mom

My Youngest Just Got Her License And I’m Kind Of A Mess

by Lisa Sugarman
Lisa writes the nationally syndicated column "It Is What It Is" and is the author of Untying Parent Anxiety.

So, if you’re raising kids, you know as well as anyone that milestones are around us all the time. Moments like first steps and first words and first vomit — they’re everywhere.

And those beautiful firsts represent way more than just the actual act of taking the steps or speaking the words or projecting the vomit — they represent growth and maturity and, above all, change. Stuff that can be hella freaky for a new parent who hasn’t experienced a lot of changes yet, not to mention a little sad.

The reality is that most of us feel some twang around the heart region when our kids grow out of one stage and into another. That’s because it’s hard to let go of certain phases of cuteness or sweetness in favor of other, less cute and less sweet stages.

It just is. Most of us really wish our kids could just stay small and adorable and smooshable forever.

But our kids grow up. Fact. They get taller and sassier and more curious about the world around them. More fact, it just happens. It’s supposed to. But that doesn’t mean we can’t be sad about it. We’re entitled to that. We’ve earned it. In fact, I’ve gotten massively nostalgic over the years at just about every change that my girls have gone through—big and little.

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I think that’s because the more our kids grow up, the further out of our reach they get because they’re exposed to so many new people and experiences. That’s tough, emotionally, when you’re the mom or the dad being left behind. Even though it’s supposed to happen, it can still feel sucky sometimes when these big changes come.

Seeing our kids evolve beyond those first firsts — to things like riding a bike or babysitting other kids or getting a job — can really throw our psyche into weird places, because sometimes we’re just not ready not to be needed anymore.

Toss something like a driver’s license into the mix and bam…brick to the face. That one hits you. Hard. Because now, the same kid who, on the morning of her license test couldn’t find the clothes hamper to save her life, is now driving everywhere. On her own.

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I mean, it’s tough enough when the first kid gets a license. That’s its own kind of crazy. But then, when the youngest one gets it, well, that’s just madness. That changes everything. Because then, all of a sudden, we parents become sort of inconsequential.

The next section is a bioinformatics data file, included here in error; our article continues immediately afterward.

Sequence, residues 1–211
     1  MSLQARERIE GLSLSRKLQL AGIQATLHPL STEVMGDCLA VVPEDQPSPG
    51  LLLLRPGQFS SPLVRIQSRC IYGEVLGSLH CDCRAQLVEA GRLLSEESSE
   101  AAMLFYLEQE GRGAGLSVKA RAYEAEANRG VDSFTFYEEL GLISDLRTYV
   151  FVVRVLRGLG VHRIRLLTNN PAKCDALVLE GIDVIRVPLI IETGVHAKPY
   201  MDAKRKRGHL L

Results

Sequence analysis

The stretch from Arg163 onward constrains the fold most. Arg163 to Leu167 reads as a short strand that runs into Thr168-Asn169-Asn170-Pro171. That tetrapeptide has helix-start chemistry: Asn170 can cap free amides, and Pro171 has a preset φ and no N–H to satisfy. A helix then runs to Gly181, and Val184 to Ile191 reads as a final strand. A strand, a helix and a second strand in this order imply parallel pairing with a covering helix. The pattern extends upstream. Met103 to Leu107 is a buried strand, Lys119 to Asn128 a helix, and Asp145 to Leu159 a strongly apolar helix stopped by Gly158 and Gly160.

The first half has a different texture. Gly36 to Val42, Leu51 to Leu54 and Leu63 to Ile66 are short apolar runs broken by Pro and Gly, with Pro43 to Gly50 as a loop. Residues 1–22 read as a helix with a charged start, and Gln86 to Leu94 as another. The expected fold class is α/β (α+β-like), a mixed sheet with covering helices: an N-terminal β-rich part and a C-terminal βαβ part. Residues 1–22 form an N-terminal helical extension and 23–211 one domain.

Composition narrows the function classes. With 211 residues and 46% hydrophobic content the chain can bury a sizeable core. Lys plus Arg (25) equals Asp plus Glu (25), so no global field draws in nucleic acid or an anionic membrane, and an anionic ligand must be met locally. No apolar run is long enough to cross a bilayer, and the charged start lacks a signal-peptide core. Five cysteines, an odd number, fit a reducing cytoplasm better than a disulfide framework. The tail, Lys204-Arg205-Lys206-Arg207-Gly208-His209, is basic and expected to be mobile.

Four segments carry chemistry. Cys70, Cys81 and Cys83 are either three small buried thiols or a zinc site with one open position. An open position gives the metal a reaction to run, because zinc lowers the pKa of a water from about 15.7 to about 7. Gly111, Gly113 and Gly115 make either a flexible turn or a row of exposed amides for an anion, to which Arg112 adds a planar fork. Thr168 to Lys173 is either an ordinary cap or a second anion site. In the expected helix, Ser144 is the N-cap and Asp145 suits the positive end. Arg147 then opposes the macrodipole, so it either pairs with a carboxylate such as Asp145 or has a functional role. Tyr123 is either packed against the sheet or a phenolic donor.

Seriously, think about it. Without needing to schlep them around everywhere, a huge chunk of our time together evaporates. Like poof. Because when the teenage child isn’t at school or at sports practice or with friends or locked in their room watching Netflix or doing their makeup, they’re with us in the car. So, without them needing a chauffeur, we more or less never see them again. And I’ve realized that I’m just not ready for that time together to disappear.

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But I’m gonna have to figure it out because my baby girl just passed her test. And she’s just like her mother was at sixteen…outta here. She’s daring and confident and ready to road trip to Canada, if we’d let her.

Now, I know I could think of it in different terms, like, “This is amazing! I’m free! Now I don’t have to worry about driving anybody anywhere!” Unfortunately I’m not emotionally wired that way. I’m the loser who always loved that car time with my kids. For example, I loved having them forget that I was driving when the car was full of their friends because I could eavesdrop on all the dish I wasn’t supposed to know. Or when we’d have car picnics when they were little in between school and soccer practice. Or the spontaneous trips to the mall to buy even more unnecessary makeup. Good times. All of them.

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Even though it can be totally exhausting to have to drive our kids all over the world every day, for years and years and years, it’s also priceless quality time we get to spend with each other.

Look, I was sixteen once, so I get it — passing that license test means a whole new world if you’re a kid. It means independence and autonomy and freedom. I remember thinking it was that first, real grown-up-level plateau that lifted me onto the adult playing field. And it felt amazing. I was fearless and adventurous and ready to drive cross-country the very next day after my road test.

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But now, as the mom, it means something entirely different. It means that my baby and I don’t have our six-minute-drive twice-a-day together on the way to or from school. It means we lose that little sliver of time to talk without any real distractions. It means we can’t jam together to all her favorite Top 40 music. And it means I’m stuck with a useless extra AUX cord now that she and her sister share a car.

So yes, Libby, Mommy’s sad right now. And I have a small confession. When you accused me of crying on the day you got your license and I denied it, saying instead that some massive dust fiber kamikazed my eye, I was lying. Bold-faced lying. The truth is, I’m gonna miss you as my wingman. I hate the idea of having an empty seat next to me where you used to sit.

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Maybe dad and I will just have to have a third kid so I can do it all over again.

Or not.

For more from Lisa Sugarman, visit LisaSugarman.com and Twitter.